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self-study / Employment

Dec. 30, 2019

What confidential documents may a whistleblower take?

Joshua J. Borger

Partner, Berliner Cohen LLP


Boston College Law School; Newton MA

Josh practices commercial and civil litigation in a variety of areas, including unfair business practices, breach of contract, trademarks, trade secrets, fraud, employment, insurance coverage and litigation, Proposition 65, and general business litigation. In addition to his litigation work, Josh represents companies in nonlitigation matters, including employment matters and licensing agreements.


Whistleblowers often face the same Catch-22 as recent college graduates. You can't get a job without experience, and you can't get experience without a job. Similarly, a whistleblower cannot prove corporate misconduct without documents, but appropriating corporate documents -- or "purloining" as the employer would say -- may result in suspension or termination. But, if the whistleblower waits to obtain the documents in civil discovery, then employer may have covered up or otherwise destroyed the evidence.

An employee who appropriates corporate documents and sues for retaliation for whistleblowing will inevitably face a counterclaim which includes causes of action for breach of a confidentiality agreement, breach of fiduciary duty, and various computer theft crimes. The courts are left weighing the company's need to protect its information against the potential for a company to use a lawsuit as to device to silence the disclosure of fraud and intimidate employees.

The issue of what, if any, documents an employee may appropriate is murky at best throughout the country under federal law and completely undecided under California law. The rulings on these counterclaims range from outright dismissal, the application of a rule of reasonableness on the documents appropriated, to allowing the claims to proceed.

This article addresses these issues, and offers advice for your whistleblowing client on claims for breach of a confidentiality agreement.

A. Dismissal of the counterclaim

Some cases hold that the strong public policy of protecting whistleblowers requires the dismissal of a claim for breach of a confidentiality agreement. These cases typically involve fraud against the government. The courts held that the enforcement of a confidentiality agreement preventing the disclosure of fraud to the government runs counter to the purpose of the federal False Claims Act. U.S. ex rel. Head v. Kane Co., 668 F.Supp.2d 146, 152 (D.D.C. 2009) ("Enforcing a private agreement that requires a qui tam plaintiff to turn over his or her copy of a document, which is likely to be needed as evidence at trial, to the defendant who is under investigation would unduly frustrate the purpose" of the False Claims Act.); United States ex rel. Grandeau v. Cancer Treatment Centers of America, 350 F.Supp.2d 765, 773 (N.D.Ill. 2004) (holding that an employee could not be held liable for breach of a confidentiality agreement based upon her conduct in disclosing to the government documents which allegedly showed that her employer had engaged in fraudulent healthcare billing practices, given strong policy of the False Claims Act of protecting whistleblowers who reported fraud against the government).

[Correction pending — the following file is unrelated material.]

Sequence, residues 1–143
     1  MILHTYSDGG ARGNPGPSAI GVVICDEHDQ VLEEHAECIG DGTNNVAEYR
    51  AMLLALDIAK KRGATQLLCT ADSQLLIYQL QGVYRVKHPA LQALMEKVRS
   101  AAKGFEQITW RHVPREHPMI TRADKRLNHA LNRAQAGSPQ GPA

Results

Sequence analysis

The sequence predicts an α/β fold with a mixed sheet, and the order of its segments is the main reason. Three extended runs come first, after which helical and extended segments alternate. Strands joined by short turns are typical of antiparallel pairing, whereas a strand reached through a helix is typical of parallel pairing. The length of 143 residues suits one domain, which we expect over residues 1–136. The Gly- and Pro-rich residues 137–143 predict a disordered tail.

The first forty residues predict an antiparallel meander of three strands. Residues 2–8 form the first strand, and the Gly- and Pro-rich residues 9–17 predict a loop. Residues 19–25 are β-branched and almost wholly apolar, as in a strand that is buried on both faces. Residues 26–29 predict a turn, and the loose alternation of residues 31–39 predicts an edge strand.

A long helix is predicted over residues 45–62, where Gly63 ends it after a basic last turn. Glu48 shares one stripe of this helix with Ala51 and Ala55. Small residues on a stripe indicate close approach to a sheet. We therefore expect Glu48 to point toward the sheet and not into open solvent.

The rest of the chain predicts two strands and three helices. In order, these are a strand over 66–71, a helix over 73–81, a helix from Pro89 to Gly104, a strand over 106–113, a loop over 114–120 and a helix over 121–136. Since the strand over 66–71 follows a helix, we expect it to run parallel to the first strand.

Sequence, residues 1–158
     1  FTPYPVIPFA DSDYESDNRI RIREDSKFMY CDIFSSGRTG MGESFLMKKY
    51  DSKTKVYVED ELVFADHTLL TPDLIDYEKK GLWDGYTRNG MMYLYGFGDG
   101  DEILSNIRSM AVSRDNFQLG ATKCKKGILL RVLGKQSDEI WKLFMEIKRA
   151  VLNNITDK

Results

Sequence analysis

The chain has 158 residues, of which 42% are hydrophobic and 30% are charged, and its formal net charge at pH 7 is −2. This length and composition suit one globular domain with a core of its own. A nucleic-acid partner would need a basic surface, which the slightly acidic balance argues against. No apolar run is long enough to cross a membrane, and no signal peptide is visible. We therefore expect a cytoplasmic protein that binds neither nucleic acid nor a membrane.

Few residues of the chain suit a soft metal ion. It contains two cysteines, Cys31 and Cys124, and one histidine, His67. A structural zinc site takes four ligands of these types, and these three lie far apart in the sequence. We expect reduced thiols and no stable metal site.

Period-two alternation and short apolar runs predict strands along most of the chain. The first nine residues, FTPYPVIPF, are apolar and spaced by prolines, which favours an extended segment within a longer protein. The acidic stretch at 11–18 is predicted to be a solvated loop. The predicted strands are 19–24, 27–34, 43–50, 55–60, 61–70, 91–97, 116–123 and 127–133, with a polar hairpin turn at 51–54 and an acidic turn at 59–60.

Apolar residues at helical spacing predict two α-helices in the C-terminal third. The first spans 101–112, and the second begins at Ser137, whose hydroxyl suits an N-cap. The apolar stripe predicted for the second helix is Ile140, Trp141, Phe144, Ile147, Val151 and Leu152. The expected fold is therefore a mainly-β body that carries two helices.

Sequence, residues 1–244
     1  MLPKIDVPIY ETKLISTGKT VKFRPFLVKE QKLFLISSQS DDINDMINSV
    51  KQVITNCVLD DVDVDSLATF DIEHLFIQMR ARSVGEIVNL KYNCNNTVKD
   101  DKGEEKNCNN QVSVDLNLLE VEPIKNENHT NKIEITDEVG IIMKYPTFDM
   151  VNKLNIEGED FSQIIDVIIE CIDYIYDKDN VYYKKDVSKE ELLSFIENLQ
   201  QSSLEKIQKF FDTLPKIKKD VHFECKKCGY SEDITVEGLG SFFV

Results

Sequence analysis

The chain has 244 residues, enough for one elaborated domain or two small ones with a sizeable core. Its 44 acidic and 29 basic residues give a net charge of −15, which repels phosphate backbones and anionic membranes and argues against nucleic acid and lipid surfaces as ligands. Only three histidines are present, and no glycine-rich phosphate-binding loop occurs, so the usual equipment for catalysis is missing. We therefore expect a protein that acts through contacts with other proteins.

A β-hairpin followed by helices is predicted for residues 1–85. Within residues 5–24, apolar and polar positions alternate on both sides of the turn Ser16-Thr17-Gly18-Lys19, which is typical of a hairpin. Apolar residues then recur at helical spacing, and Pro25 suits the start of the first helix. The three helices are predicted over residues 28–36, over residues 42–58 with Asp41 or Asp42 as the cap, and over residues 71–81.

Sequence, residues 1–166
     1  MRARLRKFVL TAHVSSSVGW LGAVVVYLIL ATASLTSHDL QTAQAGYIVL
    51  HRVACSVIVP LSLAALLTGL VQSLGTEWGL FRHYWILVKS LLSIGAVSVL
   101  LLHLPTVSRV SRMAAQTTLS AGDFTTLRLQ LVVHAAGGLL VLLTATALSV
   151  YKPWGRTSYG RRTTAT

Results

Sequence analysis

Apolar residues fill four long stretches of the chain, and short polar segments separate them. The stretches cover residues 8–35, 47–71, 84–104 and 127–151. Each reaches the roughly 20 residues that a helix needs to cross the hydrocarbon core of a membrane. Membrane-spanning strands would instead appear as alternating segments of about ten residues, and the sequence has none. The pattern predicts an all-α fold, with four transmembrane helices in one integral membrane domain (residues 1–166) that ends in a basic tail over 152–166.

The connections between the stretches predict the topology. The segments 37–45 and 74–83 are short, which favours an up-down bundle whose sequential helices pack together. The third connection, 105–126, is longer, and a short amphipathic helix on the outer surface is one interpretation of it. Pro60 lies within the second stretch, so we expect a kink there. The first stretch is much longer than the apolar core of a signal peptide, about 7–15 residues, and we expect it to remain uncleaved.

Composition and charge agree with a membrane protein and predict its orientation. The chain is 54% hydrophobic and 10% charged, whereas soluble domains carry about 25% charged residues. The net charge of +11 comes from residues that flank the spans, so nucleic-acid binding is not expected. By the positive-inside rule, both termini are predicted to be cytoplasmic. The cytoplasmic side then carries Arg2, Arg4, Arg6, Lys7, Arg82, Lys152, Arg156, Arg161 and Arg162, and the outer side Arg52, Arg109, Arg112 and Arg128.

California Labor Code Section 1102.5 protects employees who disclose reasonably based suspicions of illegal activity or noncompliance with government rules to a government agency, supervising employee, or employee with the authority to investigate the claim. California also has a "broad public policy interest in encouraging workplace whistleblowers to report unlawful acts without fearing retaliation." Green v. Ralee Eng. Co., 19 Cal. 4th 66, 77 (1998).

Given this broad policy, a whistleblower certainly can argue that a counterclaim mandates dismissal. However, the author find that the federal authority cited in section C is likely correct because it prevents a whistleblower from downloading all of the employer's files, whether relevant to the retaliation claim or not. In sum, the authority cited in this section does not balance the employer's interests against the employee's interests.